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Life's ups and downs


Settling down in London
Frederic Raphael Writer
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We moved from Chelsea Embankment because Beetle didn't like being in the dark, and I did understand. We moved to a little house in, behind Knightsbridge in a place called Rutland Street, a little tiny house, and we moved in, little tiny house – Beetle wanted to have a baby by then, she'd waited a long time, and she was going to have a baby. And we moved into this little house, and I parked the car, there was no room in front of our little area, so I parked in front of the next house; this was a row of terraced house – cottages. And I then got a little note through the letterbox which had a printed thing, and it said at the top, 'From Mr Justice Hinchcliffe', and it said, 'Would you please remove your car from the position which it is in since it is blocking the light and air from the downstairs room and causing great inconvenience to all'. It's a symptom of what London was like in 1956 or so that I obediently moved my car. He didn't say anything about, I hope you enjoy being in Rutland Street or anything, and I thought all sorts of things, but I didn't say any of them, because in those days you didn't say, 'Fuck you' to judges.

The funny thing is that Mr Justice Hinchcliffe, whom I regard as a bad thing, was in charge of a libel action which was brought by my friend Brian Glanville, the guy who was at Charterhouse with me and is now, and has been for a long time, a famous football journalist and a very good short story writer and, in his day, a novelist as well. Brian was in a libel action against a man called David Kossoff, who was a Jewish actor in those days, who'd accused Brian... one of Brain's books of being written for money and being... taking an anti-Semitic line about Golders Green Jews, of which Brian was, of course, one. And Brian sued him for libel on the grounds that he was trying to do him harm, and Mr Justice Hinchcliffe was the judge and Brian won his case. So, which Hinchcliffe do you want to have, is always a good question.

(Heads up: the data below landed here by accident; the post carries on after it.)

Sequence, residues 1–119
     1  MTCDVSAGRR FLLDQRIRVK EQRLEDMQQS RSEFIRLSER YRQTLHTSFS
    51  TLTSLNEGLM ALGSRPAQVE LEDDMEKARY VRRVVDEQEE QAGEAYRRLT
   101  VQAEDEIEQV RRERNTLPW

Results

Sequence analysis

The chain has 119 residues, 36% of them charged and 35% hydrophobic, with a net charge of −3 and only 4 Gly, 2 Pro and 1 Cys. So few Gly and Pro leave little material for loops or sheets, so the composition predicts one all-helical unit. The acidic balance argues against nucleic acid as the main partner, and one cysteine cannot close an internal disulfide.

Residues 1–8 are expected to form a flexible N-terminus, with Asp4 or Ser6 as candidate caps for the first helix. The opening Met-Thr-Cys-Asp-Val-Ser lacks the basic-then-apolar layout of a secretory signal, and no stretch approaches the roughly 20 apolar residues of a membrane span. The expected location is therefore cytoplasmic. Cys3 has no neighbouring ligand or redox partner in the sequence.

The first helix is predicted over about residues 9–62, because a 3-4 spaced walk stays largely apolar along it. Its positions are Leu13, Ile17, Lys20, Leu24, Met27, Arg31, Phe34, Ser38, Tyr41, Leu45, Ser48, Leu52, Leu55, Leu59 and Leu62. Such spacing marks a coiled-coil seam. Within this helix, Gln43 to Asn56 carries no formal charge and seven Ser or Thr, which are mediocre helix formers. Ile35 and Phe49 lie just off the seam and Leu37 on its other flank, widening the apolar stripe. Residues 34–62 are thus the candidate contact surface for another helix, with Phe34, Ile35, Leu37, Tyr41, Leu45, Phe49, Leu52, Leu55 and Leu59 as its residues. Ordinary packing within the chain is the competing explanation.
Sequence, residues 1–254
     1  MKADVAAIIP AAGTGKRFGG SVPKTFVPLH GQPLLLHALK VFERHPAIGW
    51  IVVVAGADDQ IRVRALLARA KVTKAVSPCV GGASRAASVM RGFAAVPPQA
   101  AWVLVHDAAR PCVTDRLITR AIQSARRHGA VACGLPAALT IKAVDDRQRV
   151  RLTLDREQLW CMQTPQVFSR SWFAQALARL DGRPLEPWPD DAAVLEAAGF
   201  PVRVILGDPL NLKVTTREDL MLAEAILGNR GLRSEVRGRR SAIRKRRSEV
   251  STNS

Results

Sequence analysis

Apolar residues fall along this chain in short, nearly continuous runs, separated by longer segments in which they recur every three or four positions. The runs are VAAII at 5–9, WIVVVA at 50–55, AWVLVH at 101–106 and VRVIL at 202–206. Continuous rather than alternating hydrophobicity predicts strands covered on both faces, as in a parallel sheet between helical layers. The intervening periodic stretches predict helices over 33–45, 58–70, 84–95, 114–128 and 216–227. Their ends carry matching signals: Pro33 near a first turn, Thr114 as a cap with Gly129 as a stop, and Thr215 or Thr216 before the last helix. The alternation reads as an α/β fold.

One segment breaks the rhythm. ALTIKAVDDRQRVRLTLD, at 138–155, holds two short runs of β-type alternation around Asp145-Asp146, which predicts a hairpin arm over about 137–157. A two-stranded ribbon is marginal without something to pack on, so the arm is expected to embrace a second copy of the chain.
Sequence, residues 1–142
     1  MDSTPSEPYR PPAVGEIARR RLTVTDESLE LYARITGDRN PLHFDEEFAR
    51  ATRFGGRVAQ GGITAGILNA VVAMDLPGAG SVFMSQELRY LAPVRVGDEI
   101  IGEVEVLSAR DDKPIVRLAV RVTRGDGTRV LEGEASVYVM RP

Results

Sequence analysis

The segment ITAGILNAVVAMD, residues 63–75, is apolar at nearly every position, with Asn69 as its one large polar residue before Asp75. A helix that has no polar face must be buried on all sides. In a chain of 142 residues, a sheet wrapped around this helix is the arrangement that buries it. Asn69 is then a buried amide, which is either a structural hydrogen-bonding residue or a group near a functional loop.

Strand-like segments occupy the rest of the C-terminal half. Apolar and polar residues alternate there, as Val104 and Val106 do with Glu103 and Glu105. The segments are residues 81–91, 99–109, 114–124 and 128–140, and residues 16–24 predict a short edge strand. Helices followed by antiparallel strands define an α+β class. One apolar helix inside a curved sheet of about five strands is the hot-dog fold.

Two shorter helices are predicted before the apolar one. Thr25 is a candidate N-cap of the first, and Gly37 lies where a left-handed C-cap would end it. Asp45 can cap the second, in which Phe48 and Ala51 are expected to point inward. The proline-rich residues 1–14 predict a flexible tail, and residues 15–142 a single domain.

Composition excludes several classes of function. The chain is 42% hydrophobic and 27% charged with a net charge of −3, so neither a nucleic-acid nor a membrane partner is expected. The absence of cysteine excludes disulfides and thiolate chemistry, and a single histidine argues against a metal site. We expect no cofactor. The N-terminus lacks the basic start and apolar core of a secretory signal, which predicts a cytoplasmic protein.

Anyway, we moved into Rutland Street, and in... previous to that, actually, while we were still in Chelsea Embankment, Obbligato as my first book was called, was published in May of 1956, and had very nice notices, not immensely enthusiastic, but very nice and Guy Ramsay said, be grateful for the amount they write about you, don't worry what they say. Pretty good advice on the whole. Not always easy to take.

So by the time we were in Rutland Street I had the second book already accepted by Cassells, and Leslie and I were writing the Cambridge film for a very nice man called Vivian Cox who had been a triple blue and played hockey for England, and who was gay and I didn't know it at the time, a sort of virile gay man, of whom there were quite a few. Very nice, too. I... I wrote that, and then the Suez Crisis came and I felt then that I had somehow not written the book I should have written. It was all too light, and that's when I started writing other things and then I decided to do a big book about Jews in London, about which I didn't know very much actually, because we lived in Putney and I didn't know anything about North London, but various people including Brian Marber who'd been in the Footlights with me and so on, I got an inkling of it and also working with those Jews in the drama society, they all tended to come from North London, I'd been to a lot of their houses. I was fairly well informed.

And I started writing a book called The Limits of Love, which was a sort of Wittgensteinian title because Wittgenstein said the limits of my language... the limits of my world means the limits of my language, the limits of love is the limits of life. It sounded good at the time. The epigraph of The Limits of Love was: my object in philosophy is to show the fly the way out of the fly bottle, Ludwig Wittgenstein. Number two: the Jew is underneath the lot, Thomas Stearns Eliot OM. I don't let them off unless they threaten to break my head.

Anyway, I wrote this book at the Oxford and Cambridge Club where I had joined, before playing bridge with a lot of judges and magistrates and people who were nothing like as clever as I had expected them to be. But they were perfectly nice to me.

Born in America in 1931, Frederic Raphael is a writer who moved to England as a boy. He was educated at Charterhouse School and was a Major Scholar in Classics at St John's College, Cambridge. His articles and book reviews appear in a number of newspapers and magazines, including the Los Angeles Times and The Sunday Times. He has published more than twenty novels, the best-known being the semi-autobiographical The Glittering Prizes (1976). In 1965 Raphael won an Oscar for the screenplay for the movie Darling, and two years later received an Oscar nomination for his screenplay for Two for the Road. In 1999, he published Eyes Wide Open, a memoir of his collaboration with the director Stanley Kubrick on the screenplay of Eyes Wide Shut, Kubrick's final movie. Raphael lives in France and England and became a Fellow of the Royal Society of Literature in 1964.

Listeners: Christopher Sykes

Christopher Sykes is an independent documentary producer who has made a number of films about science and scientists for BBC TV, Channel Four, and PBS.

Tags: The Limits of Love, Mr Justice Hinchcliffe

Duration: 4 minutes, 39 seconds

Date story recorded: March 2014

Date story went live: 10 September 2014